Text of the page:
‘Yeongpo-gate’ raid on Prime Minister’s Office
At the same time, the so-called Yeongpo-gate scandal - referring to an old boys club of friends of the president -- spread to a new realm as the opposition Democratic Party linked the presidents’ friends with a well-known illegal lobbying scam that drove former President Roh Moo-hyun to commit suicide.
Around 10 prosecutors and inspectors from the Seoul Central District Prosecutors’ Office raided the public ethics division office of the Prime Minister’s Office in Changseong-dong, Jongno, at around 10:20 a.m.
The prosecutors’ office said the team confiscated documents and computer files from offices, including that of Lee In-kyu, a public ethics official who allegedly ordered the illegal surveillance and investigation of a businessman associated with the opposition. The businessman said the investigation lost him his job and ruined his life.
“It’s possibly unprecedented for the Prime Minister’s Office to be raided by the prosecution,” said an official at the office.
The prosecution raid followed its questioning of businessman Kim Jong-ik, the victim of the alleged illegal surveillance, on Wednesday. Kim, former head of NS Hanmaum, an outsourcing company for Kookmin Bank, was an active member of Nosamo, a group of progressive-minded people that supported President Roh. He claims he was investigated after uploading a video clip critical of President Lee to his blog in 2008.
The public ethics division is allowed to investigate civil servants, but not ordinary citizens. According to acquaintances of Lee In-kyu, he is claiming that he thought KB and its subcontractors were government organizations. KB, one of the country’s largest banks, was established by the government in 1963 but privatized in 1995. The prosecution plans to summon Lee In-kyu over the weekend.
The scandal gets its name from the Yeongpo Club, an organization of public servants from the Yeongil and Pohang areas of North Gyeongsang established in 1980. (Yeongpo is an acronym that combines the names Yeongil and Pohang.) The president is from Pohang. The opposition says the group has abused the power of the state to go after the president’s critics. The Democratic Party claimed that the ethic’s bureau’s Lee In-kyu is a club member and that he reported his investigation results directly to the presidential secretary for labor, Lee Young-ho, another member of the club.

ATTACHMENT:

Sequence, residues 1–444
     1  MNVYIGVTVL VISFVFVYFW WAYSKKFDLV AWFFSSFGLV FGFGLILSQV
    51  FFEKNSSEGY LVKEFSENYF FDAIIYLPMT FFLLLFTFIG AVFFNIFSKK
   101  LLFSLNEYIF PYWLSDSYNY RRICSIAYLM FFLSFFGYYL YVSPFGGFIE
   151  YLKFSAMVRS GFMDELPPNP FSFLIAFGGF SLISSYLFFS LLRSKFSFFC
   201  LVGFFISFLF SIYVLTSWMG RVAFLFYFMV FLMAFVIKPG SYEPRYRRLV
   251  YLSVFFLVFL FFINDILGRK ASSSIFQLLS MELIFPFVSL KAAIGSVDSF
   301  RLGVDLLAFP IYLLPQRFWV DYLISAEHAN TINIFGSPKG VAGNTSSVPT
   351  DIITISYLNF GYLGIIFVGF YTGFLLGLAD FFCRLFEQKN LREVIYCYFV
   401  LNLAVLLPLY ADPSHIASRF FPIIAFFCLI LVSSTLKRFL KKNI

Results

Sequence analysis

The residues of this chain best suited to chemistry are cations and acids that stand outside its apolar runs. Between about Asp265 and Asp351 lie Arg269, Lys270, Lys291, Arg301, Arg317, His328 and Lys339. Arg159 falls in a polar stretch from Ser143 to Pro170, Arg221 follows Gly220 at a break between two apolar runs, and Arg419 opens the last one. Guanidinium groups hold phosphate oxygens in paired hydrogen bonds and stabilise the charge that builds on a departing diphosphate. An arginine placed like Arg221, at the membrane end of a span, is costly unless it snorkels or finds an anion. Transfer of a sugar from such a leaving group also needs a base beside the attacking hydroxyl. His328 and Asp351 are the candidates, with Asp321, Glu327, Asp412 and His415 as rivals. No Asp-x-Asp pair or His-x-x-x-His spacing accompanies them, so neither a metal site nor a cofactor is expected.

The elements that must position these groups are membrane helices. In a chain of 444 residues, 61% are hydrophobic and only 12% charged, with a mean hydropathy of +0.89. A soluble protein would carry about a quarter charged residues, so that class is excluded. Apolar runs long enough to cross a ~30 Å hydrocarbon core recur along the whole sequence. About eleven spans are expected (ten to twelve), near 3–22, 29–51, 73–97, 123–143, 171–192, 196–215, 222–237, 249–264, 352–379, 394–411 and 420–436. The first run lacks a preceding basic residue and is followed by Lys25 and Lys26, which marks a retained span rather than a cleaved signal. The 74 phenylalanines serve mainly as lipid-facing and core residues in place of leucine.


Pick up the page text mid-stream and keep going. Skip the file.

The DP dropped a related bombshell yesterday. DP floor leader Park Jie-won claimed that the Yeongpo Club is pulling strings to prevent authorities from investigating Ra Eung-chan, chairman of Shinhan Financial Group, on a charge of covertly and illegally transferring money to Park Yeon-cha, former chairman of Taekwang Industrial and a longtime patron of former President Roh.
The DP charged that Ra broke the real-name financial transaction act when transferring 5 billion won ($4.2 million) to the personal bank account of Park in 2007.
Prosecutors investigated Park over an illegal money-for-influence scandal in 2009. Roh killed himself after prosecutors investigated allegations that he and his family received at least $5 million from Park. Shinhan Financial Group grew sharply during the Roh administration by taking over LG Card, then the nation’s largest credit card issuer.
“The transfer violated the real-name financial transaction system, but the Financial Supervisory Service has taken no action against it,” said Park Jie-won, “because he is under the protection of a high-level figure in the Yeongpo Club.” Park threatened to disclose the name of the high-level figure unless that person confessed the truth.
The ruling Grand National Party launched a counterattack. Cho Jeon-hyeok, a GNP lawmaker, held a press conference Thursday and said he received a tip that Kim Jong-ik is suspected of having raised a slush fund for the Roh Moo-hyun administration when he served as the head of NS Hanmaum.
By Moon Gwang-lip [email@example.com]